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Editorial: Departure of int’l cooperation advocate raises concerns about U.S. administration

U.S. President Donald Trump has replaced Secretary of State Rex Tillerson. With the departure of another advocate of international cooperation after National Economic Council Director Gary Cohn, the U.S. administration is certain to lean even more toward its “America First” policy. How can the world restore its stability? Japan and the other major powers need to work together to champion “freedom and the market economy.”

 

Before Tillerson joined the administration, he was the board chairman of a major oil company. While his appointment was said to be partly based on personal friendship, former Secretary of State Condoleezza Rice, a Republican moderate, was the one who endorsed him. He is an advocate of diplomacy through dialogue and rumors of his dismissal began to circulate in light of his opposition to Trump’s plan to tear up the nuclear agreement with Iran.

 

Cohn also opposed the imposition of additional tariffs on steel and aluminum products, but Trump did not listen to him. It is believed that hardliners on China, such as Office of Trade and Manufacturing Policy chief Peter Navarro, will now have a greater say in economic policy.

 

The U.S. administration has been continually replacing its senior officials. This is the first administration in which more than half of the key White House officials have been replaced within a year of inauguration.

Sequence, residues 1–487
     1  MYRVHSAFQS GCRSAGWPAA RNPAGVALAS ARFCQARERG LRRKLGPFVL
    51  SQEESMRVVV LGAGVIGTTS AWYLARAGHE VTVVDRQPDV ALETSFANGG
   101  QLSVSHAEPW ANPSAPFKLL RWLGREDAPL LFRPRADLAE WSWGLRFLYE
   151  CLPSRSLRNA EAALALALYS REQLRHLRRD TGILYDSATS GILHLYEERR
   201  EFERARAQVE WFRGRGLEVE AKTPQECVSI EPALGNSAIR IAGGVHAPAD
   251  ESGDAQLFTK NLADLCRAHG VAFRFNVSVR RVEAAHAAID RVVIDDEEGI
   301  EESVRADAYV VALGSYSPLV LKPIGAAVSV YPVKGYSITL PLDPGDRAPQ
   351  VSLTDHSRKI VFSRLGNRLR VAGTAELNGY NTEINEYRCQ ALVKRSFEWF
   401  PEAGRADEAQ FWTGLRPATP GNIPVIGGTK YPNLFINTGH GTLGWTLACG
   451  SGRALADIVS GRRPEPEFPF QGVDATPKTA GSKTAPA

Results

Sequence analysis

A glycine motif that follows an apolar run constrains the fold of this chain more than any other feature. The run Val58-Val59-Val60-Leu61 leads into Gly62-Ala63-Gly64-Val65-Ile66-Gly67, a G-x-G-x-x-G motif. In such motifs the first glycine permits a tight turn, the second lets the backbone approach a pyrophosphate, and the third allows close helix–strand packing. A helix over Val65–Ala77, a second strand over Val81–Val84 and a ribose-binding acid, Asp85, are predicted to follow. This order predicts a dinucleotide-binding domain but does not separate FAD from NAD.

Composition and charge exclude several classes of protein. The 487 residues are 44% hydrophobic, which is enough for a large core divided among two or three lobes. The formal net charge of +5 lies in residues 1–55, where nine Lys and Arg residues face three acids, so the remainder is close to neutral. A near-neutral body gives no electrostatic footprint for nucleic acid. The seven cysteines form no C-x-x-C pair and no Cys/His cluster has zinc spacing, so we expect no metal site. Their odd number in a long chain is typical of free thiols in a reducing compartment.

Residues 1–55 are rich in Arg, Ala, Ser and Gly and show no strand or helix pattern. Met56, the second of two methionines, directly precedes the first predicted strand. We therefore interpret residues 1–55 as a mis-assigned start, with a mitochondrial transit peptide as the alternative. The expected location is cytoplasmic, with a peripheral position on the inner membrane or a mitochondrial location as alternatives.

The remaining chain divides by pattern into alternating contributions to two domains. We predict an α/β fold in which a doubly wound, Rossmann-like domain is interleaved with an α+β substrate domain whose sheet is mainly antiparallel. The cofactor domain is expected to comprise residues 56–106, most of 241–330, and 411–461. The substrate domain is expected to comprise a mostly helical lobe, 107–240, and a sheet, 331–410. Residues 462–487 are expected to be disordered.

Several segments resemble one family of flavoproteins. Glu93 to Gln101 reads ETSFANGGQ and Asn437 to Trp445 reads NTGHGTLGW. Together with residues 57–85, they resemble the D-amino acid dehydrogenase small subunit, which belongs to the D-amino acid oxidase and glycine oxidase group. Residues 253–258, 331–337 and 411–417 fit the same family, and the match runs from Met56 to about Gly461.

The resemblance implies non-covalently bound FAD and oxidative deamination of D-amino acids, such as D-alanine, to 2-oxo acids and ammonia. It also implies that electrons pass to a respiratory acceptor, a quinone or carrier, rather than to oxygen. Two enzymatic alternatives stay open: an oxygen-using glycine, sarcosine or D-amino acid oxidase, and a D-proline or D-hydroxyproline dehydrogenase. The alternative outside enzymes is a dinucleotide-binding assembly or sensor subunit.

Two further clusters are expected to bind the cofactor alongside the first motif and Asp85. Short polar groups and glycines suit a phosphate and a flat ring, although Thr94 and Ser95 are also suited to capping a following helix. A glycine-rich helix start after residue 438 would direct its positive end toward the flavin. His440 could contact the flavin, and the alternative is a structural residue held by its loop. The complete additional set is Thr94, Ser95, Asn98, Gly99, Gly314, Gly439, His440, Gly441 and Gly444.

There are also rumors that White House Chief of Staff John Kelly and National Security Adviser H. R. McMaster, who is in charge of foreign policy, are going to be replaced. Concerns are even being voiced now about whether the U.S.-DPRK summit slated to take place by May can really be held.

 

The background to this upheaval is Trump’s strong sense of alarm about the mid-term elections approaching in November. The House of Representatives has the power to initiate the impeachment of the president. Whether the Republican Party is able to keep its majority will be critical for the administration.

 

In the House of Representatives by-election that took place in Pennsylvania on March 13, the Republican Party had to fight an uphill battle despite this constituency being a Republican stronghold. Trump will probably step up his promotion of protectionist trade policies and an isolationist foreign policy stance that are popular among the poor white Americans in order to sustain his administration. This would indeed revert the world to an era where the law of the jungle prevails.

 

The major powers should unite and say no to Trump-style diplomacy. There is also the option of filing cases with the World Trade Organization (WTO) on the imposition of unfair tariffs.

 

The Trump administration is hinting at the possibility of making an exception on the tariffs based on security considerations. Regardless of whether Japan is designated an “exception,” it should take a firm stance against the violation of WTO rules and make efforts for the development of the world economy based on rules.

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